We knew Belize well enough to know that substitutions were not an option. The bus was the bus and the agent was the agent. We either went off with them for the day or we canceled the day.
We loaded the group and set off.
The road we traveled was dirt (today it’s paved). As we had no air conditioning, we opened the windows for ventilation. With the windows open, the bus filled with dust from the road. With the windows closed, temperatures became unbearable. So we pushed the windows down when the air became stiflingly hot and back up when the air became stiflingly dusty.
Josianne and I reviewed an itinerary for the day with our agent guide, who we positioned in the front seat so he could give instructions to the driver. Then we wandered up and down the aisle chatting with our tour-goers, trying to keep spirits up in spite of the transportation discomforts.
The things I didn’t know back then about managing conferences and leading tours could have filled an encyclopedia. One of the things I didn’t know but have learned since, for example, is that you don’t, at any time, hand over control of the group to a drunk real estate agent.
After an hour had passed, Josianne and I became concerned and walked up front to check in with our intoxicated friend. The guy had passed out. We shook him awake and asked how much longer until we’d arrive at our destination.
The guy looked at us, at the driver, at his lap, out the window…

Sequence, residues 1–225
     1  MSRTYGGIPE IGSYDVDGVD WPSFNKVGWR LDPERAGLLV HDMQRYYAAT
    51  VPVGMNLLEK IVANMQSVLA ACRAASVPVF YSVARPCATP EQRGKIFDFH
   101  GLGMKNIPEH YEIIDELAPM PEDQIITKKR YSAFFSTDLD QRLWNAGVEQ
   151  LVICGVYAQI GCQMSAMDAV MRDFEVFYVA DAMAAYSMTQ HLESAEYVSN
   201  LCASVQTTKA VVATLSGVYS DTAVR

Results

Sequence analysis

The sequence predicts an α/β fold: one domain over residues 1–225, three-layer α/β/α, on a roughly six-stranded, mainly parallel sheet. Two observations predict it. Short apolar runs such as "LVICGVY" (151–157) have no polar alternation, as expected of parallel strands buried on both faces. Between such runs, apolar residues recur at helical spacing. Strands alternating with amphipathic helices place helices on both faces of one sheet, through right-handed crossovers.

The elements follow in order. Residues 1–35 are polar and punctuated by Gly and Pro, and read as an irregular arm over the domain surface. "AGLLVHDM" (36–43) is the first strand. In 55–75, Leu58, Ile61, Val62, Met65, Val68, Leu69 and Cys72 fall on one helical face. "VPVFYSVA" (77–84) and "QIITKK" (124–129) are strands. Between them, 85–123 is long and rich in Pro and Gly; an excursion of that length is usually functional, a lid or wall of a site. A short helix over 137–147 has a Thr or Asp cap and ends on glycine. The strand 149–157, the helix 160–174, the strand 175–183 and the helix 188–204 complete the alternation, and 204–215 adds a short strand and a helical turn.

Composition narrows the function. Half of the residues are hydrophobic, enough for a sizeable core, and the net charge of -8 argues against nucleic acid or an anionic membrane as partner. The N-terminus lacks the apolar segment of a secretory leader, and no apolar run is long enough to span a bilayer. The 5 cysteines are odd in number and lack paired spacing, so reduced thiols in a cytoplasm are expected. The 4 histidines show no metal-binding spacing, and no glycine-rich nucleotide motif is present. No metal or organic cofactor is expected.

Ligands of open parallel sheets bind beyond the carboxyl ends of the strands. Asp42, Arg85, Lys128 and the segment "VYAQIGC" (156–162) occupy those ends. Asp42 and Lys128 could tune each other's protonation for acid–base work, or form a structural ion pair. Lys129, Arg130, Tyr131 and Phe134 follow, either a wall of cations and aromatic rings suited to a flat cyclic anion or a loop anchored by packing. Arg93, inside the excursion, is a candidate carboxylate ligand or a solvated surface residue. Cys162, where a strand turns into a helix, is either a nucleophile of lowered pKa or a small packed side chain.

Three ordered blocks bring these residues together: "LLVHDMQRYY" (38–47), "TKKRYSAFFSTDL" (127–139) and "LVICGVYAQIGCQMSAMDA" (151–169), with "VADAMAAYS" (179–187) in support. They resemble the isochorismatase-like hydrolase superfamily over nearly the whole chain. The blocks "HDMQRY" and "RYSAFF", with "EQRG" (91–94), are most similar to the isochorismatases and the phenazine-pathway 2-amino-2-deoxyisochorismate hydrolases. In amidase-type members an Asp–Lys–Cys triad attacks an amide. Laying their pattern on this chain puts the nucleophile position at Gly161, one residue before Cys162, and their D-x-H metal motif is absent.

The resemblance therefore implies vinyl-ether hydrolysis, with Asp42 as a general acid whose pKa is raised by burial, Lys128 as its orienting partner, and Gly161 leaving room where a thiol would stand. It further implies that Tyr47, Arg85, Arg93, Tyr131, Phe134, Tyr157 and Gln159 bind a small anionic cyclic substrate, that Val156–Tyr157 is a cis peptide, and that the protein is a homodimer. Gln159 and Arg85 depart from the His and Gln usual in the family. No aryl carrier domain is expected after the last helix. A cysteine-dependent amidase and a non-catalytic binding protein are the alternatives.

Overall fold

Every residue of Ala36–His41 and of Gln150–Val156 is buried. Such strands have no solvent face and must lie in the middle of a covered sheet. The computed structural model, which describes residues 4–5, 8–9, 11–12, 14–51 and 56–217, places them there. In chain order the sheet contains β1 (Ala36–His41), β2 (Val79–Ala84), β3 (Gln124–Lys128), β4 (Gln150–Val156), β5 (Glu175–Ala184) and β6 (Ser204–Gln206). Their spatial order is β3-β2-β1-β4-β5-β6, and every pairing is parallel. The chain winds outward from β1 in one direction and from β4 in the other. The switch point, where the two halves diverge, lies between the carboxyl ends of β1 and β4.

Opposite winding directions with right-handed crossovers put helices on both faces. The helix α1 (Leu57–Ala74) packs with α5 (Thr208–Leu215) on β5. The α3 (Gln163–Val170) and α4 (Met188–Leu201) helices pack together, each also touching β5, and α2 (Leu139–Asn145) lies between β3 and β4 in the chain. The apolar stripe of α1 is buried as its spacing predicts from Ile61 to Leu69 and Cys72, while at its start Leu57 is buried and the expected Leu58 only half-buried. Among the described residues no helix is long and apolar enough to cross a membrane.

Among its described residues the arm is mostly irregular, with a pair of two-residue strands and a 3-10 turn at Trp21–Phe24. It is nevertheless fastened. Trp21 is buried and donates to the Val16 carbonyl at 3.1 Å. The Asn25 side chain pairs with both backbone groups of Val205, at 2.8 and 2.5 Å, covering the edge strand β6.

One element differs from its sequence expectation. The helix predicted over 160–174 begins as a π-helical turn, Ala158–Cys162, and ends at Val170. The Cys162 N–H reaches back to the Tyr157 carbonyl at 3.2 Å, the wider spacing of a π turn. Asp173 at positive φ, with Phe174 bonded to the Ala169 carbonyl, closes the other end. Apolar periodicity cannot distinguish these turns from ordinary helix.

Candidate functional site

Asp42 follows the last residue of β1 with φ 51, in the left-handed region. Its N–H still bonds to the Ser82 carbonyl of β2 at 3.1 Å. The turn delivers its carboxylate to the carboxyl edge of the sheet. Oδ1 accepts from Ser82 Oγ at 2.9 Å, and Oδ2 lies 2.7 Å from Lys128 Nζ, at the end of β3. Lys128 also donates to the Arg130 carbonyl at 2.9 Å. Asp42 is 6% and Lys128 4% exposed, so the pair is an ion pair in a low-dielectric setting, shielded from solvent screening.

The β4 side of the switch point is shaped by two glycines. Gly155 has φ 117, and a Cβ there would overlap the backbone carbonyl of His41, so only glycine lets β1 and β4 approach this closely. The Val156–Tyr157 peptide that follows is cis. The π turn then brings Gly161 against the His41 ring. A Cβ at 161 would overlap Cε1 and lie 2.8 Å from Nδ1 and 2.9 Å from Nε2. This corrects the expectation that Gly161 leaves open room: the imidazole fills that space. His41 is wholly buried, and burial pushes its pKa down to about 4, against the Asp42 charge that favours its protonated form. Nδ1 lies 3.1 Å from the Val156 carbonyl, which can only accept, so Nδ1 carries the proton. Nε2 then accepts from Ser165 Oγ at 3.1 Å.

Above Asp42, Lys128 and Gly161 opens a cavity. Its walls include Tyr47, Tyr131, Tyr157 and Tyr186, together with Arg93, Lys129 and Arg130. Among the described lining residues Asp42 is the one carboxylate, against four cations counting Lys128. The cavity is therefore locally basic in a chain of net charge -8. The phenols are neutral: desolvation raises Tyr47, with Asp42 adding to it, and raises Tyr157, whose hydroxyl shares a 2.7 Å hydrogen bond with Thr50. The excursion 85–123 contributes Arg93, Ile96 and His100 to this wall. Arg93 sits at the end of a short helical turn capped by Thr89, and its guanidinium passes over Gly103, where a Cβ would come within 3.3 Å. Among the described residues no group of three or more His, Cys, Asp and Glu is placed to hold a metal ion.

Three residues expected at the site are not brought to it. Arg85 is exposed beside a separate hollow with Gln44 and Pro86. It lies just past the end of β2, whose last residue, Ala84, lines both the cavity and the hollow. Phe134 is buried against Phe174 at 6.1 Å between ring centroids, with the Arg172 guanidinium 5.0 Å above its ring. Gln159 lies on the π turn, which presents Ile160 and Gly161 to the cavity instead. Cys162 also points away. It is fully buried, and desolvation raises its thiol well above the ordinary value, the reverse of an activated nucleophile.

After a few long minutes, something finally registered and the guy began yelling at the driver. We’d missed our turn, Josianne and I came to understand, which was 45 minutes back up the dusty road we’d just traveled down.
Now what? Turn around? No. Better to continue on to our next stop. This, the agent explained, was another hour in a different direction.
“Where can we go for refreshments?” I asked the guy. “We need to take the group somewhere they can use a bathroom and buy drinks and snacks.”
He knew a place, he said, and gave the driver new instructions. About 20 minutes later, we pulled up to a roadside shack alongside a river. We unloaded the bus. Our group used the facilities and ordered bottles of Coke and water, then stood in the shade of a mango tree. The morning had been a bust, but the drinks and the shady respite cooled and calmed everyone down.
But where was the real estate agent? He wasn’t in the shop. Our male tour-goers assured us he wasn’t in the bathroom.
Josianne and I stood, with the group, at the door to the bus trying to figure out what we’d do if we’d lost our guide altogether.
Then, out of the corner of my eye, I saw the guy walking toward us. He was stripped down to his underpants and dripping wet. He’d gone for a swim in the river.
The agent, carrying his clothes, climbed back on the bus and took his seat. Josianne and I looked at each other, shook our heads, and followed our guide back inside the vehicle, along with the rest of the group.
By the time we arrived at our next destination, the guy had put his pants back on and sobered up enough to explain to us all what we were looking at. We toured for several more hours that day then returned late, dusty, and exhausted to our hotel in Belize City.
I have more stories from those early years. Ask me about them next time you see me. Some are best told over a cold rum and Coke while watching the sun set.
Founding Publisher, Overseas Opportunity Letter